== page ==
And, with it officially being spring, I’m actually really excited to get this project done. And then move on to the rest of the house. Because of our kitchen remodel, both the extra bedroom on the main floor and the guest room in the basement are disaster zones because we ended up having to move a TON of stuff around. We had to move EVERYTHING out of the kitchen, mostly into the main floor extra bedroom, and some downstairs to the wet-bar area that we turned into our temporary kitchen. And THAT meant that much of what was in the wet bar area needed to be moved, and it went into the guest room. Our garage currently has all our old cabinets, some of which will get hung in the garage for Nathaniel’s workbench area, and the rest will go in our laundry room for extra storage. We only JUST got rid of our old stove (donated it!), which is a good step in the right direction, too.

Big Hero 6 - Honey Lemon
Disney Sidekick - Stormtrooper
Fab 5 - Minnie
Zootopia - Judy Hopps
Peter Pan - Michael Darling
Marvel - Black Widow
Pixar - Bing Bong from Inside Out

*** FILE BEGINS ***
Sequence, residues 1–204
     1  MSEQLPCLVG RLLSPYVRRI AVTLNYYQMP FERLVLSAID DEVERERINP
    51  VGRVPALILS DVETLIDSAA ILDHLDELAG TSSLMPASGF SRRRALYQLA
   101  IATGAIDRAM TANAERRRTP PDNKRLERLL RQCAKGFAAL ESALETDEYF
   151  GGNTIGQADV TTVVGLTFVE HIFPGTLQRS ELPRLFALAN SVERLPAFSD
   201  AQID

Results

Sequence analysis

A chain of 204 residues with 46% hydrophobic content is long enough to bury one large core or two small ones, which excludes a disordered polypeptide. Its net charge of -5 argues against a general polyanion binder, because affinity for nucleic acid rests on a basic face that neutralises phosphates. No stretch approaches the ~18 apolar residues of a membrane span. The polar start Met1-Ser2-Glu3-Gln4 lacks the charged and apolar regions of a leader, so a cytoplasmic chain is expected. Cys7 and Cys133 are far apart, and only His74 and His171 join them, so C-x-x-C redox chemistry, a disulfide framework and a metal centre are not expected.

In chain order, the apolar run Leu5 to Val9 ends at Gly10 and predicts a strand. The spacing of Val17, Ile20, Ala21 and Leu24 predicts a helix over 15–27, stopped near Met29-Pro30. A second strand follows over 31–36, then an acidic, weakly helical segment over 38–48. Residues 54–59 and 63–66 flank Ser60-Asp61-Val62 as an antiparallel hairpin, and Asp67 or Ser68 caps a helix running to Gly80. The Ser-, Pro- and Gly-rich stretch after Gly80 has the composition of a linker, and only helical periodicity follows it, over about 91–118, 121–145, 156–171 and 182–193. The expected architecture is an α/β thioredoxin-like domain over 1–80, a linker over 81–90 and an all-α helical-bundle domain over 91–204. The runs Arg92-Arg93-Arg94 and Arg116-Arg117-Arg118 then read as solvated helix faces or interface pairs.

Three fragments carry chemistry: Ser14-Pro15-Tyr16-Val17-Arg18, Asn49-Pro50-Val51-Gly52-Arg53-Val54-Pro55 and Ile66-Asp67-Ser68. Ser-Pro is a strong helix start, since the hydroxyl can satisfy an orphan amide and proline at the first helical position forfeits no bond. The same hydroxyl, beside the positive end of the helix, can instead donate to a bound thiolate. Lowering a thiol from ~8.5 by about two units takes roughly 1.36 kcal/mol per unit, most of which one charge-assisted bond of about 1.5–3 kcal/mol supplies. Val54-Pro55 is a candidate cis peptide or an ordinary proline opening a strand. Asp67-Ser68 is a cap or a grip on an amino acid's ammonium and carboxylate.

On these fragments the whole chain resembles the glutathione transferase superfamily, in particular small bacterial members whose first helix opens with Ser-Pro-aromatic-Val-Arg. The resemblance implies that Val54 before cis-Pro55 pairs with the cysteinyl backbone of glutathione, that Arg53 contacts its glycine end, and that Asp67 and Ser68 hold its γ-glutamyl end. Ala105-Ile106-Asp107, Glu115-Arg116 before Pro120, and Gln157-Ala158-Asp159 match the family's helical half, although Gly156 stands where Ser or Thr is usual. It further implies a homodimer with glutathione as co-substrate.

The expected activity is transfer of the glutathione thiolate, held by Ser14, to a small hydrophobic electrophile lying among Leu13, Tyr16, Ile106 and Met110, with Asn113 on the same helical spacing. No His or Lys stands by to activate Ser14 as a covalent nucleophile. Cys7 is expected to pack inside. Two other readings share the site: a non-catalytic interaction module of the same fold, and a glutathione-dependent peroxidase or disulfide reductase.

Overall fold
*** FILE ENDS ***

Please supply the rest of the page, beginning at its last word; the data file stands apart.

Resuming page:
Disney Heroines - Merida from Brave
A Wrinkle in Time - Meg Murry
101 Dalmatians - Cruella De Vil
Underrated Characters - Flit from Pocahontas
Disney Princess - Giselle from Enchanted
Aladdin - Jafar
The Little Mermaid - Ariel
Parks Attraction - Star Tours
Mulan - Mushu
Characters who are/wear green - Elliott from Pete's Dragon
Disney Villains - Scar from The Lion King
Fantasia - Mushrooms from the Chinese Dance of the Nutcracker Suite
Star Wars - R2-D2
Moana - Te Fiti
Frozen - Anna
Rule breaker - Hermione Granger
Disney Dogs - 101 Dalmatians
Alice in Wonderland - Cheshire Cat
Cinderella - Pink Dress
90's Style - Gummi Bears
Disney Cats - Toulouse from The Aristocats
Disney Prince - Eric from The Little Mermaid
Vintage Inspiration - The carousel in Disney World mashed up with Carrie Bradshaw
A character you've never bounded - Dumbo

With a full time job, animals, a husband I like spending time with, rehearsals two nights a week, personal music projects, sewing/crafting projects and a social life, it’s been REALLY hard lately for me to feel like my home is at all put together. But I need to feel proud of my house. I need to be comfortable with people coming to visit rather than apologizing profusely any time someone walks in the door because I don’t think it’s clean enough. So I am going to dedicate more time to this, and hopefully that sense of cleanliness will become a feeling of calm in my life.

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Sentimental DIYs

Last week I had my 3rd wedding anniversary. We're at a point in our lives where 1) we've given each other a LOT of gifts so coming up with something original is hard, and 2) we don't have a lot of extra money laying around.